Large-scale Carbon Capture and Storage (CCS) hubs have emerged as a cost-effective means for industries to reduce carbon dioxide (CO2) emissions to atmosphere. Designing a system that connects multiple emitters into a common dense phase transportation pipeline and storage site introduces significant challenges, not least of which is the management of non-CO2 components (impurities). A unique aspect of CO2 pipelines is that they typically operate close to the fluid phase envelope. The presence of simple impurities at low volumes can therefore lead to major impacts. The impurities will have an impact on fluid behaviour (thermodynamics), transport (thermo-hydraulic), integrity (chemical reaction, corrosion, material selection, reservoir, etc.), safety, sequestration (injectivity, long term storage) etc. Impurities therefore can ultimately impact the capacity, integrity and operability of the pipeline network.
The primary control mechanism is to set a tight specification on impurity levels. A substantial amount of work has been carried out and published on impurity level recommendations/ specifications. These references give various thresholds for the impurities. However, the reasons behind the recommended tolerances are sometimes vague or non-existent. Some thresholds are set based on potential upset conditions that may not actually occur, and for some of them the presence and/or lack of other impurities are not considered. These limitations can make it very difficult to adapt the thresholds for a specific system or project. Furthermore, overly onerous requirements will discourage users (emitters) from connecting into the network.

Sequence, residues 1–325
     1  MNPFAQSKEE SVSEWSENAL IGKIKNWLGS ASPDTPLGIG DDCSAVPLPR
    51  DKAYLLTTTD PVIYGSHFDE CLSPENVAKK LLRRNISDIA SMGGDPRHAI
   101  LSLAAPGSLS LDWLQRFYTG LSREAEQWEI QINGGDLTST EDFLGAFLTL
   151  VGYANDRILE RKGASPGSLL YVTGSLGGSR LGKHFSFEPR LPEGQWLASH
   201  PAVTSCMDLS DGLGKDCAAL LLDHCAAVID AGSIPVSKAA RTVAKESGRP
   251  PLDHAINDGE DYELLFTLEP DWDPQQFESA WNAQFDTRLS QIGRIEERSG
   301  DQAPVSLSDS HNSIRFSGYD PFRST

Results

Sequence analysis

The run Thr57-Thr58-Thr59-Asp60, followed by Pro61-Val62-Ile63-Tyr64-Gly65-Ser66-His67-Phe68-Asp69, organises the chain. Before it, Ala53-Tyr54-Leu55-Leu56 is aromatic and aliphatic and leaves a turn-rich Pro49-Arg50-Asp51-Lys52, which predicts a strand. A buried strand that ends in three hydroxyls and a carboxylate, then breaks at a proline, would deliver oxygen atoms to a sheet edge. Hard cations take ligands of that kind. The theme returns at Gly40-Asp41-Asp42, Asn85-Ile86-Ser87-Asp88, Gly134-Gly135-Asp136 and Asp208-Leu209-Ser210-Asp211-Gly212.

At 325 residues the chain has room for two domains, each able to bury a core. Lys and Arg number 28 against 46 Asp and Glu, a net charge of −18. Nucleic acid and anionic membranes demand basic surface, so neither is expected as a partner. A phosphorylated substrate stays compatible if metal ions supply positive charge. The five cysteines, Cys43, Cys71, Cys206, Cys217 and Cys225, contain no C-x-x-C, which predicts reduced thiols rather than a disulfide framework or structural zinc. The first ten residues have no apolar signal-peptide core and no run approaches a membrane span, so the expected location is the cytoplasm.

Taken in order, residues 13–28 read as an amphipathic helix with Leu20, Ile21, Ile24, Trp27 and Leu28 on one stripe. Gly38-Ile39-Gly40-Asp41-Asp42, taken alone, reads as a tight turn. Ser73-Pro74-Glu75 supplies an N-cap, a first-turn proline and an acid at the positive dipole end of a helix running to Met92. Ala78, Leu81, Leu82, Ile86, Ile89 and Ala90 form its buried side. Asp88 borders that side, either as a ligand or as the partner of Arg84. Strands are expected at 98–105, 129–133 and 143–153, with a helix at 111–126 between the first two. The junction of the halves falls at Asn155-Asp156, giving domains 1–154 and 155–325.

A case study will be presented demonstrating the influence of impurities on a dense phase CO2 pipeline design, and then showing the development of a practical and implementable CCS hub fluid specification to protect the pipeline integrity, based on the CO2 sources and expected system operating conditions.